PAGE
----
Alcoholic beverage preference and diabetes incidence across Europe the Consortium on Health and Ageing Network of Cohorts in Europe and the United States (CHANCES) project

Diewertje Sluik, N. Jankovic, M G O'Doherty, Ben Schöttker, Wojciech Drygas, Olov Rolandsson, Satu Männistö, José Manuèl Ordóñez-Mena, J. Ferrieres, Christina Bamia, Giovanni de Gaetano, Jessica C Kiefte-de Jong, Oscar H Franco, I Sluijs, A M W Spijkerman, S. Sans, S. Eriksson, D. Kromhout, Antonia Trichopoulou, Tom WilsgaardH Brenner, K. Kuulasmaa, Tiina Laatikainen, Stefan Söderberg, Licia Iacoviello, P. Boffetta, F Kee, Edith J M Feskens

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Abstract

BACKGROUND/OBJECTIVES

 It is unknown if wine, beer and spirit intake lead to a similar association with diabetes. We studied the association between alcoholic beverage preference and type 2 diabetes incidence in persons who reported to consume alcohol.

SUBJECTS/METHODS

 Ten European cohort studies from the Consortium on Health and Ageing: Network of Cohorts in Europe and the United States were included, comprising participant data of 62 458 adults who reported alcohol consumption at baseline. Diabetes incidence was based on documented and/or self-reported diagnosis during follow-up. Preference was defined when ⩾70% of total alcohol consumed was either beer, wine or spirits. Adjusted hazard ratios (HRs) were computed using Cox proportional hazard regression. Single-cohort HRs were pooled by random-effects meta-analysis.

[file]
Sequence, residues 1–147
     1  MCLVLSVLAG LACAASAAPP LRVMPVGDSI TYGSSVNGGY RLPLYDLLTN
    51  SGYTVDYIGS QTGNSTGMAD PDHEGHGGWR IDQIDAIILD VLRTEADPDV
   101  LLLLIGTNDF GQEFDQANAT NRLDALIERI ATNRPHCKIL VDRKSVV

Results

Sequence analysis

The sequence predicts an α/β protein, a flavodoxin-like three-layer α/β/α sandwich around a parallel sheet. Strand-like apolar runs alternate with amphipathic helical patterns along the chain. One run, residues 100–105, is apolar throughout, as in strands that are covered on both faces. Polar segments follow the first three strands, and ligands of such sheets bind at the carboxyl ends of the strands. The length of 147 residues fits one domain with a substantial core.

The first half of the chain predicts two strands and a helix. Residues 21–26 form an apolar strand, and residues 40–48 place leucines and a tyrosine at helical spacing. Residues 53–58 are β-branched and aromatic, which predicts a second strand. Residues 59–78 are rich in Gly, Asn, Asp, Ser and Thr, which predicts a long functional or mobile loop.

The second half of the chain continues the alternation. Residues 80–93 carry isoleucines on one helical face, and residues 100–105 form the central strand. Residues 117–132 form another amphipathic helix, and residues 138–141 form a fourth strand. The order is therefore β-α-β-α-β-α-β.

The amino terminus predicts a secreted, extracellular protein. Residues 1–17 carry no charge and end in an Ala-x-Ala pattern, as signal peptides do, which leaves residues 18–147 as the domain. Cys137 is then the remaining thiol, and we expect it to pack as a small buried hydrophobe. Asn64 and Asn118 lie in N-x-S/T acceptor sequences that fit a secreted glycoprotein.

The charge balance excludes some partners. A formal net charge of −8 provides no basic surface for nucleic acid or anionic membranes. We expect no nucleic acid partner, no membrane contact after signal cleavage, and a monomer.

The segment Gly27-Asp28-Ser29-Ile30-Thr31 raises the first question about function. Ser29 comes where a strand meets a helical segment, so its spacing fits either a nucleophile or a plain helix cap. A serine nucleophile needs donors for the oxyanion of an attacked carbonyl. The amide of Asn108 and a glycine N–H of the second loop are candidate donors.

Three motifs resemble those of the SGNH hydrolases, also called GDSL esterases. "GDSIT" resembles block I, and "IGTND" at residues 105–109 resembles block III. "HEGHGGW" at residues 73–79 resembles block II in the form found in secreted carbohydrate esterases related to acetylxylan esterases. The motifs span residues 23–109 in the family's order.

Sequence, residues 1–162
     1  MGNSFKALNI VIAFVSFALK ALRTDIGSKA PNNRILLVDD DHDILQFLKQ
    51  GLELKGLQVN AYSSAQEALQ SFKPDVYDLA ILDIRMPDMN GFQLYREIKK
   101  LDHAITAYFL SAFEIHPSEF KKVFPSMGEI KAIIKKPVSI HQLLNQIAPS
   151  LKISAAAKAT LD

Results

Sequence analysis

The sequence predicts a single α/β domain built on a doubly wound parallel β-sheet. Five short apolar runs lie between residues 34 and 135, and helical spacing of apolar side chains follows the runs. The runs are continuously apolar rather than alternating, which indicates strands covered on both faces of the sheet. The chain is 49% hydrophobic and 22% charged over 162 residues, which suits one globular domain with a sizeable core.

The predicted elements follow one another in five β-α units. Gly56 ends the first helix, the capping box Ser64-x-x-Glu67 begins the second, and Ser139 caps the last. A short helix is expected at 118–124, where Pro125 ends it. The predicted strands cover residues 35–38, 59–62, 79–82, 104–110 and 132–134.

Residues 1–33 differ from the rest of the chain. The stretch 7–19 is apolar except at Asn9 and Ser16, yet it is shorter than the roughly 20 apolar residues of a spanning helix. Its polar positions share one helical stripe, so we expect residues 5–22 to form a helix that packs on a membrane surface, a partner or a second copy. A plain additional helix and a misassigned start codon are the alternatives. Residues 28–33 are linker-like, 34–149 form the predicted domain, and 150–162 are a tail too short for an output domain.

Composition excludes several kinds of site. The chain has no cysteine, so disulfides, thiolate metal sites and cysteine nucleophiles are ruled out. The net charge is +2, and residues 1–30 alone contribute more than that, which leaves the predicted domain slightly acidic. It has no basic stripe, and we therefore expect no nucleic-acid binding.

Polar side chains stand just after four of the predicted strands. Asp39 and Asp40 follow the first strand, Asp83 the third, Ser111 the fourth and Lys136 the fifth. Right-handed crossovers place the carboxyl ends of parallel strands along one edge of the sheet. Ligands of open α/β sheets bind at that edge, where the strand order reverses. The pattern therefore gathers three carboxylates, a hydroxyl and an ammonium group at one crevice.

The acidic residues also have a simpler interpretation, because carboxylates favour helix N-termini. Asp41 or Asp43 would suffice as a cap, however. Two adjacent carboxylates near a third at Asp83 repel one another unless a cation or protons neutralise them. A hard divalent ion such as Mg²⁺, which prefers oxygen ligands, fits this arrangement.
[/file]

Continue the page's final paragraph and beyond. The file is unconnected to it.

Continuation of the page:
RESULTS

 Beer, wine or spirit preference was not related to diabetes risk compared with having no preference. The pooled HRs were HR 1.06 (95% confidence interval (CI) 0.93, 1.20) for beer, HR 0.99 (95% CI 0.88, 1.11) for wine, and HR 1.19 (95% CI 0.97, 1.46) for spirit preference. Absolute wine intake, adjusted for total alcohol, was associated with a lower diabetes risk: pooled HR per 6 g/day was 0.96 (95% CI 0.93, 0.99). A spirit preference was related to a higher diabetes risk in those with a higher body mass index, in men and women separately, but not after excluding persons with prevalent diseases.

CONCLUSIONs

 This large individual-level meta-analysis among persons who reported alcohol consumption revealed that the preference for beer, wine, and spirits was similarly associated with diabetes incidence compared with having no preference.

Original languageEnglish
Pages (from-to)659-668
JournalEuropean Journal of Clinical Nutrition
Volume71
Issue number5
Early online date22 Feb 2017
DOIs
Publication statusEarly online date - 22 Feb 2017

Keywords

  • Journal Article

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